Conditionals are also studied in the psychology of reasoning, which has recently witnessed a new wave of work. In particular, an effort to confront semantic frameworks with empirical results has been made. In parallel, a number of mathematical advances have been made in modal logic, an area closely related to conditional logics. However, the techniques developed in modal logic with respect to proof theory and correspondence theory have not fully been applied to the conditional logics introduced in artificial intelligence and philosophy. The main objective of this seminar was to provide an opportunity for computer scientists, logicians, psychologists, linguists and philosophers working on that topic to meet and reinforce their ties over several days in the Dagstuhl castle.

We focused on three specific issues which were discussed and worked out in three different working groups. First, we investigated how people's intuitions about 'counterpossibles' can be understood empirically and classified thanks to the theoretical accounts of conditional logics. Second, we reconsidered the various semantics of the basic system P and wondered to which extent pragmatics plays a role in the relevance relation between the antecedant and the consequent of a conditional. Third, we strove to apply the recent advances in proof theory and correspondence theory to conditional logics. These three topics correspond respectively to the working groups "Investigating people's intuitions about counterpossibles (Section 4.1), "The semantics of conditionals" (Section 4.2) and "Correspondence theory and proof theory for conditional logics" (Section 4.3).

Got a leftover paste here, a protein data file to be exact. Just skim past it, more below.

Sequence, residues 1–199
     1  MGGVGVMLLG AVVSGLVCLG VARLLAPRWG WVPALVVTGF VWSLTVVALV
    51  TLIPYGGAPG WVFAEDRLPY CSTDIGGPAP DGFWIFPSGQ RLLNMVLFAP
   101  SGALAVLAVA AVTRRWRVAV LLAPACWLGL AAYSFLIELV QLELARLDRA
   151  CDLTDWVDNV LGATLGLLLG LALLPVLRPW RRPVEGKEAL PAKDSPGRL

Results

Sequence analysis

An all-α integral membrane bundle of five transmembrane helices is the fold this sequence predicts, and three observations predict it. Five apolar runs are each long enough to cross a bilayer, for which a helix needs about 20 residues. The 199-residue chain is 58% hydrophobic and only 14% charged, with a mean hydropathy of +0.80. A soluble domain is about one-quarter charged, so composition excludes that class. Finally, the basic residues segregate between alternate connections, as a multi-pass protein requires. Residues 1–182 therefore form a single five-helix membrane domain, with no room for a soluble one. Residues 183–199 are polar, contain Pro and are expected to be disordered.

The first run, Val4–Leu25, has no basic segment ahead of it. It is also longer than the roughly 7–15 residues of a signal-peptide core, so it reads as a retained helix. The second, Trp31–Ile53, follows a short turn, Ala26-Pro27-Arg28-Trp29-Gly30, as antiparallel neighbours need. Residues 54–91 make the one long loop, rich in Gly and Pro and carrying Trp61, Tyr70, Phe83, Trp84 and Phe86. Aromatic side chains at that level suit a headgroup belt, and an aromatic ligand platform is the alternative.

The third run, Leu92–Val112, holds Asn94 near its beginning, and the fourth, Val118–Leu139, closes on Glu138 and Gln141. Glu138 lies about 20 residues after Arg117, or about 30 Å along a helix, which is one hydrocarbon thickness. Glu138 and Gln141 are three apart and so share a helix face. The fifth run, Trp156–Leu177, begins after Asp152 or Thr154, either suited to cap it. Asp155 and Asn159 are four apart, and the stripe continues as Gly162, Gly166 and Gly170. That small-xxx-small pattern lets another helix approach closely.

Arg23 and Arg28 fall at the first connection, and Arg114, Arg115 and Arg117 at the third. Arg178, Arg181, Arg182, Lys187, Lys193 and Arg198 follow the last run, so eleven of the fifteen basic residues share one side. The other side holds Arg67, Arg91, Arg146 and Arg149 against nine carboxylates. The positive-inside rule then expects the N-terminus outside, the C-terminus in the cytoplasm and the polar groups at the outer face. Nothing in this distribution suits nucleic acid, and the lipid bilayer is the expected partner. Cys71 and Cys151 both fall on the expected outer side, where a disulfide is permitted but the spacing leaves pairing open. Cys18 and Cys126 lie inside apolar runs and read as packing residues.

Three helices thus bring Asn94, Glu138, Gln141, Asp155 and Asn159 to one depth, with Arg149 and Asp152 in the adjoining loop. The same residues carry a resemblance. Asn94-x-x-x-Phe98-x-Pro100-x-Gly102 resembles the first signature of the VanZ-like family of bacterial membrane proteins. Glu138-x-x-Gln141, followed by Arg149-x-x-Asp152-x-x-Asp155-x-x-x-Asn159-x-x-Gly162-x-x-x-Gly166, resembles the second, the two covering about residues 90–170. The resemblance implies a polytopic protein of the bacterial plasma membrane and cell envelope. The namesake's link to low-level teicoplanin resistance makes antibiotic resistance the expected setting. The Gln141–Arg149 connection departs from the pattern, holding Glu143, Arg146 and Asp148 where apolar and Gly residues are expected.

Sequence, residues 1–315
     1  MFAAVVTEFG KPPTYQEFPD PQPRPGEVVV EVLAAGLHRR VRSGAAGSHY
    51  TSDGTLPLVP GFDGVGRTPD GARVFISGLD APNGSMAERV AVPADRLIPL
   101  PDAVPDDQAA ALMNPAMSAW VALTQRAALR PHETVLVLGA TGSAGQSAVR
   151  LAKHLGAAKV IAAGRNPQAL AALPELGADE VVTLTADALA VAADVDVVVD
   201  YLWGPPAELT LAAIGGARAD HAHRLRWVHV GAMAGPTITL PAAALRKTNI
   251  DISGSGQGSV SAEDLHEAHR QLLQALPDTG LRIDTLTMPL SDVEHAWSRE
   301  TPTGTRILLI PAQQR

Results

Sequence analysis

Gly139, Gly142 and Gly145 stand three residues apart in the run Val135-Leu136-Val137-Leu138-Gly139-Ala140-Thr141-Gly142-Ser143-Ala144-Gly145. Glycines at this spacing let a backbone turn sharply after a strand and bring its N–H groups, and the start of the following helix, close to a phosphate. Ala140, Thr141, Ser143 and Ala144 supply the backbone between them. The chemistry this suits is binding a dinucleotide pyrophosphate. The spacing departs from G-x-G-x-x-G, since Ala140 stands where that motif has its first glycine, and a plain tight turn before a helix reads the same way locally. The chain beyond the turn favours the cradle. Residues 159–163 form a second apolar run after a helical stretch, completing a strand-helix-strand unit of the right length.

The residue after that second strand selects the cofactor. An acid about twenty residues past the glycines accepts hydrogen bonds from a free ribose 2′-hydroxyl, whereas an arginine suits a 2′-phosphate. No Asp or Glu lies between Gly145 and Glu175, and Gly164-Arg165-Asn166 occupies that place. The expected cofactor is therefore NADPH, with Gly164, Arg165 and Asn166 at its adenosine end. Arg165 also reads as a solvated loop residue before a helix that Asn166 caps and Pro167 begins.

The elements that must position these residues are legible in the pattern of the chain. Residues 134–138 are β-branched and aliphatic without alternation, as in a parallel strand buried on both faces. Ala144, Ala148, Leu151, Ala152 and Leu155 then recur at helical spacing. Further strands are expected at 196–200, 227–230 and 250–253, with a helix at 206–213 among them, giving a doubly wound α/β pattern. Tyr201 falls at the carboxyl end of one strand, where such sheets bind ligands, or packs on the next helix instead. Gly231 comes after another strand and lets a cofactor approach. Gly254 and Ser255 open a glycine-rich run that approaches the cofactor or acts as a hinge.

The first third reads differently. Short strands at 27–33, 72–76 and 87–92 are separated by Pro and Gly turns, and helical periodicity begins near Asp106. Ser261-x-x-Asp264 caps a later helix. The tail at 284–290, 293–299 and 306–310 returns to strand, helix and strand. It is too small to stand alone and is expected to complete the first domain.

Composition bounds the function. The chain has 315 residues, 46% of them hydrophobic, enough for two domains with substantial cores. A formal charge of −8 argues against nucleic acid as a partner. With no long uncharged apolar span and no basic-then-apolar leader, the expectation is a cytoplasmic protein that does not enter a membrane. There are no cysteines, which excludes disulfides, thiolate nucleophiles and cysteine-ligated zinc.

These working group discussions were preceded by 13 short talks and 3 tutorials: "Semantics of Conditionals" (by Graham Priest), "Proof Theory of Conditionals" (by Nicola Olivetti) and "The psychology of Indicative Conditionals" (by Karolina Krzyzanowska). These talks and tutorials are summarized in Section 3.

Copyright Guillaume Aucher, Paul Egré, Gabriele Kern-Isberner, and Francesca Poggiolesi

Participants
  • Guillaume Aucher (University of Rennes 1 & IRISA Rennes, FR) [dblp]
  • Giosué Baggio (NTNU - Trondheim, NO) [dblp]
  • Christoph Beierle (FernUniversität in Hagen, DE) [dblp]
  • Giovanni Casini (University of Luxembourg, LU) [dblp]
  • Nicole Cruz de Echeverria Loebell (Birkbeck, University of London, GB)
  • Didier Dubois (University of Toulouse, FR) [dblp]
  • Paul Egré (ENS - Paris, FR) [dblp]
  • Marianna Girlando (Aix-Marseille University, FR) [dblp]
  • Giuseppe Greco (Utrecht University, NL) [dblp]
  • Mario Günther (Universität Regensburg, DE) [dblp]
  • Andreas Herzig (University of Toulouse, FR) [dblp]
  • Andreas Kapsner (LMU München, DE) [dblp]
  • Stefan Kaufmann (University of Connecticut - Storrs, US) [dblp]
  • Gabriele Kern-Isberner (TU Dortmund, DE) [dblp]
  • Karolina Krzyzanowska (University of Amsterdam, NL) [dblp]
  • Nicola Olivetti (Aix-Marseille University, FR) [dblp]
  • Francois Olivier (ENS - Paris, FR) [dblp]
  • Graham Priest (The City University of New York, US) [dblp]
  • Eric Raidl (Universität Konstanz, DE) [dblp]
  • Hans Rott (Universität Regensburg, DE) [dblp]
  • Niels Skovgaard Olsen (Universität Göttingen, DE) [dblp]
  • Keith Stenning (University of Edinburgh, GB) [dblp]
  • Jakub Szymanik (University of Amsterdam, NL) [dblp]
  • Ivan José Varzinczak (Artois University - Lens, FR) [dblp]
  • Emil Weydert (University of Luxembourg, LU) [dblp]

Classification
  • artificial intelligence / robotics
  • verification / logic

Keywords
  • Conditionals
  • Psychology of reasoning
  • Commonsense Reasoning
  • Proof theory
  • Correspondence theory